|Birthplace:||Blairgowie, Perthshire, Scotland|
|Place of Burial:||Edinburgh, Scotland|
|Managed by:||Alisdair James Smyth|
Historical records matching George Drummond, Lord Provost of Edinburgh
About George Drummond, Lord Provost of Edinburgh
Wikipedia Biographical Summary
George Drummond (1688–1766) was accountant-general of excise in Scotland and a local politician, elected Lord Provost of Edinburgh a number of times between 1725 and 1764.
Drummond was born in Blairgowrie, Perthshire. He was educated at the High School in Edinburgh and began his career as an accountant, working on the financial details of the 1707 Act of Union at 18. In 1707 he was appointed Accountant General, at age 20, of the Board of Customs, being promoted to Commissioner in 1717.
He was a strong opponent of Jacobitism, and fought against John Erskine (1675–1732), the 6th Earl of Mar, at the Battle of Sheriffmuir in 1715. He also raised a company of volunteers to try to defend the city of Edinburgh against the army of Bonnie Prince Charlie during the Jacobite Rising of 1745.
Drummond first joined the Edinburgh Town Council in 1716. He raised funds to build the Royal Infirmary, designed by William Adam in 1738, which quickly became one of the world's foremost teaching hospitals. In 1760 he was responsible for commissioning the Royal Exchange, which later became the Edinburgh City Chambers. He was also a great supporter of the University of Edinburgh, encouraging its enlargement and establishing five chairs of medicine.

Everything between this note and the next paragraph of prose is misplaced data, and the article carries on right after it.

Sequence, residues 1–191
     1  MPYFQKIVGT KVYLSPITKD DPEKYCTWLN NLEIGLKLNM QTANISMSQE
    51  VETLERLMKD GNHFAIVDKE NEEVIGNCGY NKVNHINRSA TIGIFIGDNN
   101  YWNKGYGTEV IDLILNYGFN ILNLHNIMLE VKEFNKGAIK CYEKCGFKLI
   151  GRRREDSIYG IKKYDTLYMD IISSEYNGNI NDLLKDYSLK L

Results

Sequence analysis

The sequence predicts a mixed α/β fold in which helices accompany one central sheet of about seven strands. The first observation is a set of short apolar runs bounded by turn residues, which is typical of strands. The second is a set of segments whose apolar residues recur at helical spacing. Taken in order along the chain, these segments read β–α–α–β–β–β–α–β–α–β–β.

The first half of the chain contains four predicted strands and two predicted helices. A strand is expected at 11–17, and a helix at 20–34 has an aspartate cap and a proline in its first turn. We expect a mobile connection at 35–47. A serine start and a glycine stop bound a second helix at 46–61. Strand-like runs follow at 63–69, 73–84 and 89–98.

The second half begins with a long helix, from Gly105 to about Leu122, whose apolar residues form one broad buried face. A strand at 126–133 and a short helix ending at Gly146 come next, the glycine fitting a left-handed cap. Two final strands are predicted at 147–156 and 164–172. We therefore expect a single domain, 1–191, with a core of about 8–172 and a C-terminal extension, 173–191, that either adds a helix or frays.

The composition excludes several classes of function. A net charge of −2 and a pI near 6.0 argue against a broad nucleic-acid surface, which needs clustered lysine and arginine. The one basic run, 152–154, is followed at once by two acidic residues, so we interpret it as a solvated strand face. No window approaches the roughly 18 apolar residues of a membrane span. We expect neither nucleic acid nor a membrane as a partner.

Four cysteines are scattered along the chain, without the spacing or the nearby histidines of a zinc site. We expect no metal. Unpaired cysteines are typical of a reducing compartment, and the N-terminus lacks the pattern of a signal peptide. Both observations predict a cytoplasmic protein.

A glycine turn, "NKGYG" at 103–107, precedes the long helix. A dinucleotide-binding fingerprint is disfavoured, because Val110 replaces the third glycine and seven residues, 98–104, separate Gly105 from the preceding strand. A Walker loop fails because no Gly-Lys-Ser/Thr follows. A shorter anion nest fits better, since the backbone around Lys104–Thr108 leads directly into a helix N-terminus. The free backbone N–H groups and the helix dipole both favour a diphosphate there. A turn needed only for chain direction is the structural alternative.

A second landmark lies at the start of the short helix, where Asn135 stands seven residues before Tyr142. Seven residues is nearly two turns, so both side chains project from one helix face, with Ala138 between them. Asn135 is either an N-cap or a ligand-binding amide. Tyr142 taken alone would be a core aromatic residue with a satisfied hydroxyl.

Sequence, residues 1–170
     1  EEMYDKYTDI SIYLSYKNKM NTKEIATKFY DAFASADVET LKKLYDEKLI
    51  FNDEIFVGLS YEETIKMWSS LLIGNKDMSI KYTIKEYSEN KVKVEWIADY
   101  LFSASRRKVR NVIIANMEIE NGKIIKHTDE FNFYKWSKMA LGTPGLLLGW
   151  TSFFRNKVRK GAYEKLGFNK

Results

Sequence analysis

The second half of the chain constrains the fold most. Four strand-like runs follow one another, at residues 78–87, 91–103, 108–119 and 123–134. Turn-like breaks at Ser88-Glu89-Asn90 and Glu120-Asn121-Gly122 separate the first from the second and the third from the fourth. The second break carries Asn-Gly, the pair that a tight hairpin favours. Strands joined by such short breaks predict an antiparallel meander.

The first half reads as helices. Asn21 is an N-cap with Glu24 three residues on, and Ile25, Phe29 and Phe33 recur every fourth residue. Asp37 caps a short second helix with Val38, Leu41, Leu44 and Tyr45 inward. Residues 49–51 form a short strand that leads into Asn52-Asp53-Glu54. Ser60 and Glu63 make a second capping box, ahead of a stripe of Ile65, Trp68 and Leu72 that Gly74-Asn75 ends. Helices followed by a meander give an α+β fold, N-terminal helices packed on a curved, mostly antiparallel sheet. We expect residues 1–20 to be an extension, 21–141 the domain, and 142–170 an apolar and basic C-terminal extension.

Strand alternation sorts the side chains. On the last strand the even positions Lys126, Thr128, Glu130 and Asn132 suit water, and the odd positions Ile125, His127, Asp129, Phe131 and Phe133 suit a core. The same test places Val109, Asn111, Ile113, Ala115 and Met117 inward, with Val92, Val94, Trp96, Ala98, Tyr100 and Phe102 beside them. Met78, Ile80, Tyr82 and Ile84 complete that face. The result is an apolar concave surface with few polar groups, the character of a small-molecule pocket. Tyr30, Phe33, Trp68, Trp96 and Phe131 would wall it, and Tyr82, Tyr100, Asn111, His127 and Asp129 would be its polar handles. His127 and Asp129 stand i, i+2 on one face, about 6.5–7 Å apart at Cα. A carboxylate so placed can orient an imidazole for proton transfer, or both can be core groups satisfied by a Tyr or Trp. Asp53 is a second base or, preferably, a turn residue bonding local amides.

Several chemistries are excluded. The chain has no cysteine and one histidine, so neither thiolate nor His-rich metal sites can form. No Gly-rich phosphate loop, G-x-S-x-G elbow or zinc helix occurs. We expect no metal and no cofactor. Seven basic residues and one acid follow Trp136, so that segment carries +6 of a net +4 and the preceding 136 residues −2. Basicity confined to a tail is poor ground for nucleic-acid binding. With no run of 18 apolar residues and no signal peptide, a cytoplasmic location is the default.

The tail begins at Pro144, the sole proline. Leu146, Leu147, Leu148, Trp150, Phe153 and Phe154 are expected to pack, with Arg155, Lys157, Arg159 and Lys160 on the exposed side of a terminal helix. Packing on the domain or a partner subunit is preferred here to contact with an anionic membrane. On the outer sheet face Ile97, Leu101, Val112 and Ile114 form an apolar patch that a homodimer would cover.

Drummond is best known as the driving force behind the building of Edinburgh's 'New Town'. His aim was to overcome the unhealthy and overcrowded conditions of the Old Town. In 1766 he persuaded the Town Council to support an ambitious plan for a grand extension to the city on its north side and to hold a competition for the design. The competition was won by the young architect James Craig who was then only 21. In 1759 Drummond also had the insanitary Nor' Loch drained and identified the need for the North Bridge as the gateway to the New Town, laying its foundation stone in 1763.
Drummond was also a Freemason and was Grand Master of the Grand Lodge of Scotland in the year 1752-53.
Drummond is buried in the Canongate Churchyard the burial ground of the Canongate Kirk. His name is remembered locally in Drummond Place, the street in the New Town which was developed in the location where he had owned a country house in what is now Drummond Place Gardens and Drummond Street, next to the site previously occupied by the Royal Infirmary.
SOURCE: Wikipedia contributors, 'George Drummond', Wikipedia, The Free Encyclopedia, 25 May 2013, 21:13 UTC, <http://en.wikipedia.org/w/index.php?title=George_Drummond&oldid=556780015> [accessed 18 February 2014]